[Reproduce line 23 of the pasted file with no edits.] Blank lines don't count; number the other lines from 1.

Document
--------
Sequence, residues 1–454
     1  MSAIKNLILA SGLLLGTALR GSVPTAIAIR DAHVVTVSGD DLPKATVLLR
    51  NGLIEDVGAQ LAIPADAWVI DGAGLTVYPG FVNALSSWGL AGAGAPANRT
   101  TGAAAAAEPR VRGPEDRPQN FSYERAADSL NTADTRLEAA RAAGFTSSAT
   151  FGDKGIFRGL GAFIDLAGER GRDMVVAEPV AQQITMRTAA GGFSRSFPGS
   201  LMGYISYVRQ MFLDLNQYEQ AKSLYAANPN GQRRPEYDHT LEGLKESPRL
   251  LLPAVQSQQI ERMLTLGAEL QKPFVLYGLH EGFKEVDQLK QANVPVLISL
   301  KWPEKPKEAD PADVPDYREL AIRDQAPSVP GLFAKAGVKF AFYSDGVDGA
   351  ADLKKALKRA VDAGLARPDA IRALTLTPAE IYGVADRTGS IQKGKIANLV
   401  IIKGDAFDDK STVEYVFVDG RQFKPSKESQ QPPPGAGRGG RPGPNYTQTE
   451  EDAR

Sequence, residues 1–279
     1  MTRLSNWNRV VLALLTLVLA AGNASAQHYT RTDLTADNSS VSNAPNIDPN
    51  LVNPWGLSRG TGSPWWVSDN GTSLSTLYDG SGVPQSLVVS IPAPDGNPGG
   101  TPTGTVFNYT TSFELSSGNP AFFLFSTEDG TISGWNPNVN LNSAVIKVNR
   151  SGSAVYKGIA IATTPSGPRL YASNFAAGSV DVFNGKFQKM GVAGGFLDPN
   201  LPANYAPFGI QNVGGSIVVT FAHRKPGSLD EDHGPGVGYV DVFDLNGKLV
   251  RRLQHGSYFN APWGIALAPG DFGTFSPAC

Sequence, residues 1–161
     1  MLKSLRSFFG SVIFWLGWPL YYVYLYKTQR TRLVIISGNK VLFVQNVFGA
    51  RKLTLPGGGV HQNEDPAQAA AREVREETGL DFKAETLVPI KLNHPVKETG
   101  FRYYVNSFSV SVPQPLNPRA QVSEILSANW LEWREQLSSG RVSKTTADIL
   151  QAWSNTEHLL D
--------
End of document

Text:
   151  QAWSNTEHLL D